Joanna Brooks(1), Nigel King(1), Alison Wearden(2)
1. Centre for Applied Psychological Research, University of Huddersfield, UK
2. School of Psychological Sciences, University of Manchester, UK

Abstract

OBJECTIVES

Social isolation and stigma are frequently reported by patients with chronic fatigue syndrome/myalgic encephalomyelitis and relationships in the home environment with those close to the patients (their ‘significant others’) may thus be particularly important. Rather little attention has yet been paid to the beliefs and experiences of ‘significant others’ themselves in this context. This study sought to explore in-depth the beliefs and experiences of both patients and ‘significant others’ in relation to chronic fatigue syndrome/myalgic encephalomyelitis.

METHODS

In-depth interviews using a semi-structured interview schedule designed around the core constructs of the Common-Sense Model of self-regulation were conducted with two patients with chronic fatigue syndrome/myalgic encephalomyelitis and their spouses. Interpretative Phenomenological Analysis was used to analyse interview data.

RESULTS

Experiences of social interactions in relation to chronic fatigue syndrome/myalgic encephalomyelitis with others outside of the relationship dyad emerged as a key issue for all participants when reflecting on their experiences of living with the condition. These concerns are presented under two themes: interactions with healthcare professionals and interactions with the social world.

CONCLUSIONS

It is evident that significant others play an important role in the lived experience of chronic fatigue syndrome/myalgic encephalomyelitis.

For both patients and significant others, the wider social world and interactions with outside others may be important influences on dyadic coping in chronic fatigue syndrome/myalgic encephalomyelitis.

Both future research and treatment interventions could usefully include a ‘significant other’ perspective.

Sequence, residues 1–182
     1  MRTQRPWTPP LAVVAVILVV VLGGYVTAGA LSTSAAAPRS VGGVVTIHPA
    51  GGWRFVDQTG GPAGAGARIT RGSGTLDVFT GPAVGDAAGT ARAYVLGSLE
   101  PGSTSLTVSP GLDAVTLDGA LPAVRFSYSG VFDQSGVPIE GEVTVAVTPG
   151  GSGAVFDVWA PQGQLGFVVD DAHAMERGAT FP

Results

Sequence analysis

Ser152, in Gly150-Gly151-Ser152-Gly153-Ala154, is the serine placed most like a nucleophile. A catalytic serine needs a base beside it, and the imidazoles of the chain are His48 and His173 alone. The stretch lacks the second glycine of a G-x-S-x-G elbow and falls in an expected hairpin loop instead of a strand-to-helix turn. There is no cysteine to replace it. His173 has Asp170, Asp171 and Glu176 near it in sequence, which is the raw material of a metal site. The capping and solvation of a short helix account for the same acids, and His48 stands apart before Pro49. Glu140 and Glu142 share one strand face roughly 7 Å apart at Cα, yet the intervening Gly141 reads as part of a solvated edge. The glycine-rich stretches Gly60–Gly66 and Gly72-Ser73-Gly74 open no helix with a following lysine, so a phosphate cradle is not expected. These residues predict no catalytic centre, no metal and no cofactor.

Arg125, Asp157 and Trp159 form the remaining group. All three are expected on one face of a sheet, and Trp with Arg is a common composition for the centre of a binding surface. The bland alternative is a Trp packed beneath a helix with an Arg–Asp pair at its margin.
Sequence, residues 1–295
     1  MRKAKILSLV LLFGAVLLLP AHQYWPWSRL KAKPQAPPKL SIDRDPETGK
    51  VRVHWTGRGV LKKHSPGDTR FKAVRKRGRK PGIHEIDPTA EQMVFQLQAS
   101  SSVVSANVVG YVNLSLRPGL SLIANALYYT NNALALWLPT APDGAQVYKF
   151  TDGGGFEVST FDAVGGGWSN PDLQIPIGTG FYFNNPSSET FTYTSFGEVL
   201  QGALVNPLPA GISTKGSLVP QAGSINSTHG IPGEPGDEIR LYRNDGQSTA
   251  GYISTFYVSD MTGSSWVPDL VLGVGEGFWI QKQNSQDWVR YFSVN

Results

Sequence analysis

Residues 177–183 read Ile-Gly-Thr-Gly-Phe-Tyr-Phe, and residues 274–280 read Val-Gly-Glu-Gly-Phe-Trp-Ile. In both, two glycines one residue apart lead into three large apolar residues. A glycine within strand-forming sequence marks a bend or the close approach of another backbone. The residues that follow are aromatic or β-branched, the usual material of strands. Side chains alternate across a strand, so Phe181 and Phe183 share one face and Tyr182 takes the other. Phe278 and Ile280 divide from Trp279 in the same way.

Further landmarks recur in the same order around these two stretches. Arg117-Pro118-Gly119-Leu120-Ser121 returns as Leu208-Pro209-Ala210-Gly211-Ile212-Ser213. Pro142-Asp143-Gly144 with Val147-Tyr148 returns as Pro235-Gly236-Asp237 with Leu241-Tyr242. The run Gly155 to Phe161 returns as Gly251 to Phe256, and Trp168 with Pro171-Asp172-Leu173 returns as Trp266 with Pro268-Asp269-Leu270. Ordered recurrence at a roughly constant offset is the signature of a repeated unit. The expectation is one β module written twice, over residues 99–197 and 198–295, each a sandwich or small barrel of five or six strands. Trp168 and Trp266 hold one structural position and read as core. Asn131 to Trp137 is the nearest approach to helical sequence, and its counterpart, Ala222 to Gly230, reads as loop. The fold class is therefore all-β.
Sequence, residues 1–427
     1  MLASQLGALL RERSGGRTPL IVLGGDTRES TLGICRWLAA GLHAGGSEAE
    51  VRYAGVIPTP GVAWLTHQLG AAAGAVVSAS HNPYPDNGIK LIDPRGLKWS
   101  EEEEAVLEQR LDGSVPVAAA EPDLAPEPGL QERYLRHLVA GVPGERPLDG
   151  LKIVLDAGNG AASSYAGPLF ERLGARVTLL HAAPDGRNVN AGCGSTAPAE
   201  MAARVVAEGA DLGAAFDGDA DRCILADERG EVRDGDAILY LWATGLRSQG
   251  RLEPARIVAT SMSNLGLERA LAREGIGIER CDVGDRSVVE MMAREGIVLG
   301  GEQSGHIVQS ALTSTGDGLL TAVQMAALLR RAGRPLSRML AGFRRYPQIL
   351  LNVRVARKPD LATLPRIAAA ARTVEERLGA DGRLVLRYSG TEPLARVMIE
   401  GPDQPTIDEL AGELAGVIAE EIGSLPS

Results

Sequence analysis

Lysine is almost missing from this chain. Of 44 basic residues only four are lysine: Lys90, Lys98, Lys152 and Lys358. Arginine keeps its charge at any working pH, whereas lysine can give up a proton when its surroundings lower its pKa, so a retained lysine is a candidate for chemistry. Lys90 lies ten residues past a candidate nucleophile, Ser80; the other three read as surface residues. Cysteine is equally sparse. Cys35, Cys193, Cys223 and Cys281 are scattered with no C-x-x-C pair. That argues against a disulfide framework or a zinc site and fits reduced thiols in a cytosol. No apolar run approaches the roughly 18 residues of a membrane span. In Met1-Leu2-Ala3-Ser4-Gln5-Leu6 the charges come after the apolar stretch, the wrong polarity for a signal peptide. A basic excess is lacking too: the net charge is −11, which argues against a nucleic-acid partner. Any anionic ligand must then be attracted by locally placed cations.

From Chronic Illness, e-published ahead of print 12 April 2013.

Examining the energy envelope and associated symptom patterns in chronic fatigue syndrome: does coping matter?

Brown AA, Evans MA, Jason LA.
Center for Community Research, DePaul University, Chicago, IL, USA.

Abstract

OBJECTIVE/Hypothesis

The objective of this study was to examine sub-types of individuals with chronic fatigue syndrome based on variables that are associated with the energy envelope theory and to examine the role of coping strategies in explaining the differences found between the subtypes.

METHODS

Cluster analysis was used. Grouping variables included physical functioning, post-exertional malaise severity, and the extent to which an individual was outside of the energy envelope. These clusters were evaluated using discriminant function analysis to determine whether they could be differentiated based on coping styles.

RESULTS

Cluster analysis identified three groups. Clusters 1 and 2 were consistent with the energy envelope theory. However, Cluster 3 was characterized by patients with the most impairment, but they were to a lesser extent exceeding their energy envelope. Coping strategies explained a small percentage (10%) of the variance in differentiating the clusters.

DISCUSSION

Energy maintenance may be associated with improved functioning and less severe symptoms for some. However, patients in Cluster 3 were closer to remaining within their energy envelope and also used higher levels of adaptive coping but were more impaired than Cluster 2.

This suggests that adaptive coping strategies were not associated with improved health, as members of Cluster 3 were severely limited in functioning.